Tesla Fans Troll Repair Pro for Fixing Model S for $15,000 Less Than Tesla

A Tesla hacker fixed an electric vehicle for 75% off what Tesla wanted to charge. Then the fanboys came for him.

Sep 21 2021, 4:41pm
State of Repair is Motherboard's exploration of DIY culture, device repair, ownership, and the forces fighting to lock down access to the things you own.

When YouTuber Tyler Hoover’s Tesla Model S P85 battery stopped holding a charge, he teamed up with right-to-repair advocate and Tesla hacker Rich Benoit to fix it. The car’s Kelly Blue Book value was about $23,000, and Tesla wanted about $22,000 to replace the battery. Benoit fixed it for about $5,000. 

After Benoit published a video about the repair, Tesla fans on Twitter descended to tear the thing apart. They accused Benoit of lying about what Tesla would charge for the repair and said that his repair probably wouldn't last a year.


Benoit has hit back against his critics in a response video detailing why they’re wrong. 

At the center of the controversy is what Benoit called a visual aid he used in the first video. According to Benoit, Hoover took the car to Tesla and was quoted a price of $22,000 to replace the battery. As he said this in the video, an invoice for a completed repair for a Tesla battery on a Model S flashed across the screen. Identifying details were redacted but the date was from 2019.

An error occurred while retrieving the Tweet. It might have been deleted.

Tesla fans pulled this still image out and pointed to it as evidence that Benoit had lied about the cost of the repair. Some even claimed he’d doctored the receipt to make it look more expensive than it was. “The Tesla community insisted that since this was not the actual invoice, the price was not real,” Steven Salowsky, the Management Head of the Rich Rebuilds YouTube channel told Motherboard in a statement. “We may joke around constantly—but one thing we won't do is stretch the truth.”

In his follow up video, Benoit provided more evidence that the battery would, in fact, cost around $20,000 to replace. There are multiple forum posts on Tesla discussion sites where owners complain about the price of battery replacement. All predate the video. One user even posted a receipt for a battery replacement in November of 2020. The initial cost was about $20,000.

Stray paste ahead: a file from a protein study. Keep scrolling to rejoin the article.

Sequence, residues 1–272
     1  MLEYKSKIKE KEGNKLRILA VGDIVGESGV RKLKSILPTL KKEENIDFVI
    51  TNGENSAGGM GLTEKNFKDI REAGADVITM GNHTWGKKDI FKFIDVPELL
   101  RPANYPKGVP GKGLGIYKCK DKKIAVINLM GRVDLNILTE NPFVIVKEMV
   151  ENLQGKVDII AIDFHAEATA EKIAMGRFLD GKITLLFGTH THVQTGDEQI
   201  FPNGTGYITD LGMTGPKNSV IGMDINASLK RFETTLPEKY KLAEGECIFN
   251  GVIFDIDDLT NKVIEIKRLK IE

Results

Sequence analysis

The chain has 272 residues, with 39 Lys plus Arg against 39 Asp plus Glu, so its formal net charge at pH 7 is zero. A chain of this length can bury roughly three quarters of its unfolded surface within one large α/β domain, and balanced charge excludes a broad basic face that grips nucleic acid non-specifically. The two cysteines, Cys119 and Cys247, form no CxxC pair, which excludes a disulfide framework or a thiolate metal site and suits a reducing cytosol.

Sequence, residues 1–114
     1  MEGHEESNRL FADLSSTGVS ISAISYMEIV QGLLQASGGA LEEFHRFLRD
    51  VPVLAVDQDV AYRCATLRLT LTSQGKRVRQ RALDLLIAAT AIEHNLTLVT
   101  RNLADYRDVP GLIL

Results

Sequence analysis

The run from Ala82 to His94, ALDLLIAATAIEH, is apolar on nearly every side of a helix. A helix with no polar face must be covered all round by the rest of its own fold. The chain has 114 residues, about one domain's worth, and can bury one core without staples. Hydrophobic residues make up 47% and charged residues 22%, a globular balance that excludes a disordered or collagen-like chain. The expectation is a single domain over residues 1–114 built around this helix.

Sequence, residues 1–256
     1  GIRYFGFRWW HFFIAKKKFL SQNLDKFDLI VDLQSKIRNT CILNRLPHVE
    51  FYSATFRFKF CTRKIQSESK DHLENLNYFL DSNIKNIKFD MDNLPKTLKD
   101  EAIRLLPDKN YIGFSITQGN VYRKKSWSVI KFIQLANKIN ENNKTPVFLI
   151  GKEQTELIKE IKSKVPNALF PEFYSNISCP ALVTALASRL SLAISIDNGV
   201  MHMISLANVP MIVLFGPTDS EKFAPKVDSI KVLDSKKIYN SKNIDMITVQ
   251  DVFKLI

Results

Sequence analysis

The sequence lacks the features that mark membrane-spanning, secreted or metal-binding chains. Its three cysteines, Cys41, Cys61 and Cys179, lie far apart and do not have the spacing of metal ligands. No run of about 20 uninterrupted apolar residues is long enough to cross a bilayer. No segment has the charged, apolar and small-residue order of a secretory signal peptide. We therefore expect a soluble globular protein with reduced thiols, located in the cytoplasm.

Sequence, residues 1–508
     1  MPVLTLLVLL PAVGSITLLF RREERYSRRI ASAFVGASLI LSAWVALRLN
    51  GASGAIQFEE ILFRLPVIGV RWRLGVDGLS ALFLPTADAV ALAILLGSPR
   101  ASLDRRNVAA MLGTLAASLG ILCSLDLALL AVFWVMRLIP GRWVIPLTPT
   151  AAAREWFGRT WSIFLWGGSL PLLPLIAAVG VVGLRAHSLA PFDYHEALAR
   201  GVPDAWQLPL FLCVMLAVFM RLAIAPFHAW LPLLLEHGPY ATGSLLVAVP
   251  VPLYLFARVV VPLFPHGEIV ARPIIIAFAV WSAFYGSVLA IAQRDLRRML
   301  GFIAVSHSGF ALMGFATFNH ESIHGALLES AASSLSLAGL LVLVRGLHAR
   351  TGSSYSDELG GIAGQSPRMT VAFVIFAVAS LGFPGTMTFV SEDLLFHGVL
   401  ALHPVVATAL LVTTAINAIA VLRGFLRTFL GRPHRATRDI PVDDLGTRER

Tesla also runs an online parts catalogue where prices are available to registered repair shops, but not to the general public. Benoit has an account and posted screens showing what the battery costs for a Model S. It’s $22,500.

Tesla did not respond to Motherboard’s request for comment. Three separate Tesla service centers would not confirm the cost of replacing a battery, saying they would need to see a physical car or receive a VIN number to quote a price over the phone.

Benoit and his team are adamant that around $20,000 is what Tesla charges to replace the battery on a 2013 Model S. “We made this video, and last week's video, to emphasize the importance of Right to Repair, and why in the quest for sustainability, even Tesla needs to find better practices,” Salowsky said. “$22,500 to replace a battery is not in that camp, and it's severely problematic that the company forces one to buy new instead of repair.” 

Benoit is a Tesla fan. It’s why he works on cars. According to his latest video, he even owns stock in the company. What he wants is for Tesla customers to have a choice when it comes to repair. “I acknowledge and support people’s right to choose,” Benoit said in his new video. “So let’s do this. If a customer is dissatisfied, we will do what it takes to fix it. Just like any respectable company does.” Benoit said that, should a car he’s worked on fail, he will ship it off to a repair company of the customer’s choice and pay for everything.

“Here’s why that solves everything,” Benoit said in the video. “It’s good for the customer to get their car fixed, it gives Electrified Garage a chance to learn, and it brings attention to other third party repair shops...to me, it’s about customers having a choice when it comes to servicing. Everytime a small repair shop fights, Tesla sits back and laughs at us.”

“I did research for hours just to make sure I was in the right,” Benoit told Motherboard over the phone. “I’m all for right-to-repair and people having options to fix their cars...when people argue from afar, you can’t tell who’s who. When you argue with fools, you can’t tell who’s right and who’s wrong. I don’t want to argue at all.”

Update 9/21/21: This story has been updated with a comment from Rich Benoit.


Tesla, State of Repair, Right to Repair

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